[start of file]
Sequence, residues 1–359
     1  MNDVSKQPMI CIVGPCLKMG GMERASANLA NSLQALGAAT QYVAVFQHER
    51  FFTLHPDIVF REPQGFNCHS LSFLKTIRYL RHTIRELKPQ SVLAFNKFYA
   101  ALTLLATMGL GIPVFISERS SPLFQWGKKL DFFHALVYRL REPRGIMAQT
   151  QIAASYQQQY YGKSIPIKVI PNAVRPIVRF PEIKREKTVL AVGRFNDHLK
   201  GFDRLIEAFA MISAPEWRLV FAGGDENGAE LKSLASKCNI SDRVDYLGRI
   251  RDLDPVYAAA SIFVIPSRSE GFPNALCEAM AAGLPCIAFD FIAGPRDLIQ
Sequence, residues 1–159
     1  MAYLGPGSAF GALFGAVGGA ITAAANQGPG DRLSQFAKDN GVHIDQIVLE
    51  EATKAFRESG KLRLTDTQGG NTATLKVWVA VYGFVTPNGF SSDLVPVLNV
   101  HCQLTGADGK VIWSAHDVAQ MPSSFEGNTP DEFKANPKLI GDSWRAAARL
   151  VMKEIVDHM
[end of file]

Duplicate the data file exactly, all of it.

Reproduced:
Sequence, residues 1–359
     1  MNDVSKQPMI CIVGPCLKMG GMERASANLA NSLQALGAAT QYVAVFQHER
    51  FFTLHPDIVF REPQGFNCHS LSFLKTIRYL RHTIRELKPQ SVLAFNKFYA
   101  ALTLLATMGL GIPVFISERS SPLFQWGKKL DFFHALVYRL REPRGIMAQT
   151  QIAASYQQQY YGKSIPIKVI PNAVRPIVRF PEIKREKTVL AVGRFNDHLK
   201  GFDRLIEAFA MISAPEWRLV FAGGDENGAE LKSLASKCNI SDRVDYLGRI
   251  RDLDPVYAAA SIFVIPSRSE GFPNALCEAM AAGLPCIAFD FIAGPRDLIQ
Sequence, residues 1–159
     1  MAYLGPGSAF GALFGAVGGA ITAAANQGPG DRLSQFAKDN GVHIDQIVLE
    51  EATKAFRESG KLRLTDTQGG NTATLKVWVA VYGFVTPNGF SSDLVPVLNV
   101  HCQLTGADGK VIWSAHDVAQ MPSSFEGNTP DEFKANPKLI GDSWRAAARL
   151  VMKEIVDHM